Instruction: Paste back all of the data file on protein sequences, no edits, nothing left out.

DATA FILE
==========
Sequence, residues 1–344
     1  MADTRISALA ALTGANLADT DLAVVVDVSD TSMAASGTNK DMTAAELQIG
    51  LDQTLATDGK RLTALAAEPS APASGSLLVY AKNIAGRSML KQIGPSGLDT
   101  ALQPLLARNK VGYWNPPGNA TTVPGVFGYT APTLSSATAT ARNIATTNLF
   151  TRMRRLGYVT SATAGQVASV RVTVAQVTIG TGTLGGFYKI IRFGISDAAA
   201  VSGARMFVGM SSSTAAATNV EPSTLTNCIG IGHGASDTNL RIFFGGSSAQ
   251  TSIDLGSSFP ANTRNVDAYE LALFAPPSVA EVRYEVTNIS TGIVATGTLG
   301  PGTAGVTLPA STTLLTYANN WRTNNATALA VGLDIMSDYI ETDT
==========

Sequence, residues 1–344
     1  MADTRISALA ALTGANLADT DLAVVVDVSD TSMAASGTNK DMTAAELQIG
    51  LDQTLATDGK RLTALAAEPS APASGSLLVY AKNIAGRSML KQIGPSGLDT
   101  ALQPLLARNK VGYWNPPGNA TTVPGVFGYT APTLSSATAT ARNIATTNLF
   151  TRMRRLGYVT SATAGQVASV RVTVAQVTIG TGTLGGFYKI IRFGISDAAA
   201  VSGARMFVGM SSSTAAATNV EPSTLTNCIG IGHGASDTNL RIFFGGSSAQ
   251  TSIDLGSSFP ANTRNVDAYE LALFAPPSVA EVRYEVTNIS TGIVATGTLG
   301  PGTAGVTLPA STTLLTYANN WRTNNATALA VGLDIMSDYI ETDT